Coaches Rate WiCAP
Beth Ali, based in Toronto, was part of LTAP. She holds a full-time job as a program manager at the University of Toronto (U of T) in the Faculty of Physical Education and Health. Before being selected to LTAP, she was head coach of the U of T women's varsity field hockey team and the Field Hockey Ontario women's high performance program, and she became an assistant coach with the women's national team in 2000. It was LTAP that ensured that she continued, in an official capacity, as an assistant coach with the national team from 2000 to 2003, working closely with Dru Marshall, then the team's head coach, as her mentor (see below, The Joys of Being a Mentor Coach). During this time, Beth assisted Dru with talent identification camps across Canada. She travelled extensively with the team, including an Americas Cup Final in March 2001, where the team placed third. When Dru left to devote her energies to her work as a professor at the University of Alberta, Beth was responsible for implementing and monitoring the training program for the team from March 2001 to July 2001 until Butch Worth, the new national coach was hired. Beth has continued as the assistant coach, working with Butch and coaching the team at the 2002 Commonwealth Games and the 2003 Pan American Games. From March 2003, in preparation for the Pan American Games, Beth took a leave of absence to work with the team and develop its physical training program and a strategic plan for the next four years.
The apprenticeship program enabled Beth to take an International Hockey Federation coaching course in Perth, Australia, which she successfully completed. "I would not have been able to pursue my international certification without funding from the apprenticeship program."
The Women in Coaching Apprenticeship Program ensures that each coach works closely with a national-level coach as a mentor. Beth worked alongside Dru in that capacity. Beth herself has gone on to mentor two young field hockey coaches, Sherry Doiron and Ann Doggett. What began as an informal mentoring with Sherry, who has been part of the National Coaching Institute (NCI)-Atlantic, an Atlantic regional coach, and a junior national team assistant coach, has developed into a more formal process as Sherry becomes part of the two-year NTAP. Ann has been involved with the NCI-Ontario, and Beth has been working with her at the Ontario Training Centre. She is an assistant coach of the U of T team and an assistant with the senior Ontario team.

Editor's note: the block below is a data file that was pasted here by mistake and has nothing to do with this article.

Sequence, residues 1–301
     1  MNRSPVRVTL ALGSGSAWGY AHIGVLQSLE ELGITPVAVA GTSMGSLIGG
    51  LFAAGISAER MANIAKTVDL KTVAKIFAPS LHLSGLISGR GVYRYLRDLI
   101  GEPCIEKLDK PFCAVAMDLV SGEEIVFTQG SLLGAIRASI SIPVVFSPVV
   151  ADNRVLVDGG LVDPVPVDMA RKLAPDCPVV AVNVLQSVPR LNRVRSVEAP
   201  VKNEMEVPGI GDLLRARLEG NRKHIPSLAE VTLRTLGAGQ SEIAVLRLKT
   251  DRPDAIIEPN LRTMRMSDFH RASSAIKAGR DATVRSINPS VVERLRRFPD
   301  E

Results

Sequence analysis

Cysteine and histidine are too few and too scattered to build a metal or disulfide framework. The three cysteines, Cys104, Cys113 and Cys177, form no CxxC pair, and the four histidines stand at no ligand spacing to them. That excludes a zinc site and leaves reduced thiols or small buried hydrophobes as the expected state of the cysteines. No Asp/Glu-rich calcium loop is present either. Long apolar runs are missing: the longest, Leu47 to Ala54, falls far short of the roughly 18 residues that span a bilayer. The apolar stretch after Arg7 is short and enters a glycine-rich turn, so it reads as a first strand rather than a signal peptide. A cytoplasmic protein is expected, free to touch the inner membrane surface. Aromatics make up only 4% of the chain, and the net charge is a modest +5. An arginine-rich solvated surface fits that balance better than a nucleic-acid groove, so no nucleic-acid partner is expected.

"LTAP has given me an invaluable opportunity to work at and really come to understand the high performance environment in women's field hockey," says Beth. "I feel that as a result of this program and what I have learned in the three years, I am now capable of coaching the senior national program. I feel confident in my abilities and I know what is required to work successfully at this level of field hockey."
Heather MacFarlane, who grew up in Portage la Prairie, Man., was a competitive swimmer and began coaching swimming at the age of 18 years. She attended the University of Manitoba (U of M), obtaining a BA in philosophy and psychology. She also attended the NCI in Winnipeg and coached at the U of M from 1997 to 2002 with Vlastimil Cerny. Encouraged by Sport Manitoba, she applied for and was accepted into PAGCAP and was able to be part of the Canadian swim team at the 1999 Pan American Games. During her apprenticeship, Heather was part of the coaching staff for the 1999 World Short Course Championships in Hong Kong. She was also part of LTAP and attended the Mare Nostrum Tour in Europe and several World Cups with the athletes from the Manitoba National Swim Centre. In January 2003, she was an assistant coach with the junior national team competing in Australia at the Australian Olympic Youth Festival.
"The apprenticeship program provided me with so many opportunities to get exposure to international competition, coaches, and athletes, and for those with the national program to get exposure to me. As a result of this program, I believe I have gained respect in the swim community, from both athletes and other coaches, and I now have the opportunity to talk with these coaches at every meet I attend. There is no doubt in my mind that these opportunities would not have occurred without the apprenticeship program. I now have a much broader picture of athlete development and what it takes to coach at the different levels of our sport. I think you often just get snapshots of what is required, but I was able to see the complete picture of what it takes to be an athlete at the national and international levels and what it takes to coach at those levels. The program has definitely made me a much better coach."
Heather moved to Quebec and the Université Laval in 2002 to coach with Michel Berubé. "I met Michel in Hong Kong in 1999 and I really liked his philosophy of coaching and his skills. I have been an assistant to Michel at Laval's swim centre, responsible for a number of athletes during training and competitions. At this time, I'm not sure what is going to happen regarding my future with the national program and the centre because my funding has been cut. I will be coaching with an age-group program developing young swimmers next season. It is not exactly what I had planned, but I will still be doing what I love coaching."
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Publisher: Anna Mees , Program Manager, Women in Coaching, Coaching Association of Canada
Editor: Sheila Robertson
Copy Editor: Heather Ebbs
Translator: MATRA gs Inc.
© 2003 Coaching Association of